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In both adult and pediatric populations, thoracolumbar trauma accounts for a large portion of traumatic injuries. There is a wide spectrum of injury types, including compression fractures, burst fractures, fracturedislocations, and more. The traditional treatment for many of these has been instrumented stabilization by an “open” approach. However, as minimally invasive techniques have been developed for degenerative disorders, there has been considerable interest in bringing the same benefits of decreased blood loss, improved wound exposure, and potentially decreased operative time to the trauma population. Further,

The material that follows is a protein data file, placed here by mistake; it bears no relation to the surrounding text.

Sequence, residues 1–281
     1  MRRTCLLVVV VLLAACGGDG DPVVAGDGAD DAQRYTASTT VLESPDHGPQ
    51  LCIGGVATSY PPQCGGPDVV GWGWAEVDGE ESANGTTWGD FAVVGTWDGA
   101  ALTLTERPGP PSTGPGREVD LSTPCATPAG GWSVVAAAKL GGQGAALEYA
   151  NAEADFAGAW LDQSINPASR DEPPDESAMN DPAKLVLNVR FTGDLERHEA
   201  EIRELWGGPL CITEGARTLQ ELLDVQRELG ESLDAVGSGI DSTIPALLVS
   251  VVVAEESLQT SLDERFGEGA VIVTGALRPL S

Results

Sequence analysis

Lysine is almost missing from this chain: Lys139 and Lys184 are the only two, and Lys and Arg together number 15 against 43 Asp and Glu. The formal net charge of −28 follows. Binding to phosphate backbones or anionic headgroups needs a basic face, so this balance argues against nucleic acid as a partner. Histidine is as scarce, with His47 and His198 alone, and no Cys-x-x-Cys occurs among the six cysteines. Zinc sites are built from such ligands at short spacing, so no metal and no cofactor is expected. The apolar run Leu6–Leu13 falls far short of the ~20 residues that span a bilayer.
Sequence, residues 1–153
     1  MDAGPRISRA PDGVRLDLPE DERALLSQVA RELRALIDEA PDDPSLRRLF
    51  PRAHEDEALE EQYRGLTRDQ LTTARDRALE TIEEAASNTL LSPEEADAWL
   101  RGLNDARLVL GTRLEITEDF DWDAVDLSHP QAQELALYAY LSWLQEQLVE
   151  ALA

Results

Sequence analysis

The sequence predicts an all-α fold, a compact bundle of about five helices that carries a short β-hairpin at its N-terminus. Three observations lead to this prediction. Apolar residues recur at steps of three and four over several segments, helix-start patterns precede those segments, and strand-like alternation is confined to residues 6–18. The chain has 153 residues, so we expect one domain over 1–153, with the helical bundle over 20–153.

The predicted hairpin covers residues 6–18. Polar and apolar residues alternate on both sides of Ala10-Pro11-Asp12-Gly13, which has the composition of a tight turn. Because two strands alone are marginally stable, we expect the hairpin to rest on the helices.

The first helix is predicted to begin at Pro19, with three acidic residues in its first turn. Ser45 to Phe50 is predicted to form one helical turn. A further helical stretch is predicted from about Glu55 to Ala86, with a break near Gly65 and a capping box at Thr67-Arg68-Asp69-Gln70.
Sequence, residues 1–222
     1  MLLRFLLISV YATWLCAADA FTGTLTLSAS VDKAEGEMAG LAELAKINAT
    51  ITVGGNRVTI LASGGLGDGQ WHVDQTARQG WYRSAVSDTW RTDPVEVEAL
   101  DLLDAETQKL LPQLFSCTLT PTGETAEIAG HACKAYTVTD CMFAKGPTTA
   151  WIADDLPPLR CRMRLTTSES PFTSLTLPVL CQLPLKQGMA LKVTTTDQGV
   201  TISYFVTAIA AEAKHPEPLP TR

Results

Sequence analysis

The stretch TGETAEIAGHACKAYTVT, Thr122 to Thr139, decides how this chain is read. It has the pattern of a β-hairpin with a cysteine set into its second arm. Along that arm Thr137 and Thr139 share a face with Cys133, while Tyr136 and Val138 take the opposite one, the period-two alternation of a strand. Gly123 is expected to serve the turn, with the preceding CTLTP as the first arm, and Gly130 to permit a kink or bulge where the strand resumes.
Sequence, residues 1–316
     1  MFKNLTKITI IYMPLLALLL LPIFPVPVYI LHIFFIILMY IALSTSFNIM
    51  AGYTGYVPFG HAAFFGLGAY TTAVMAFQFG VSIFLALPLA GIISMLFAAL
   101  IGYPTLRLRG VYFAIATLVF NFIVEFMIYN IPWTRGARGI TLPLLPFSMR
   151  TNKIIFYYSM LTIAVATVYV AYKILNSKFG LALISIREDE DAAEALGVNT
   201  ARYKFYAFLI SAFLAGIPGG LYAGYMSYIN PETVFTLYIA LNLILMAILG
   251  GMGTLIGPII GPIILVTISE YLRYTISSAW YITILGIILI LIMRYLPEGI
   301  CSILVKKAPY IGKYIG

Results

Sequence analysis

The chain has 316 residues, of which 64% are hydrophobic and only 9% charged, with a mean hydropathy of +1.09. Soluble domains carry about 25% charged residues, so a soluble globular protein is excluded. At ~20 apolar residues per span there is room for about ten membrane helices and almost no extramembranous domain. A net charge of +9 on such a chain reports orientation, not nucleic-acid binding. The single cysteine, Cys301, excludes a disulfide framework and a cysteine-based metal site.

“minimally invasive” is a broad category, encompassing percutaneous pedicle screw fixation, endoscopic/thoracoscopic approaches, and anterior column reconstruction. A few authors have put forward some algorithms of selecting appropriate patients for MIS techniques. However, the majority of published data has been limited to small case series with very heterogeneous pathologies. Further studies are needed to assess minimally invasive surgery for thoracolumbar spine trauma, with respect to short- and long-term clinical outcome, fusion rates/radiographic outcome, and cost-effectiveness.
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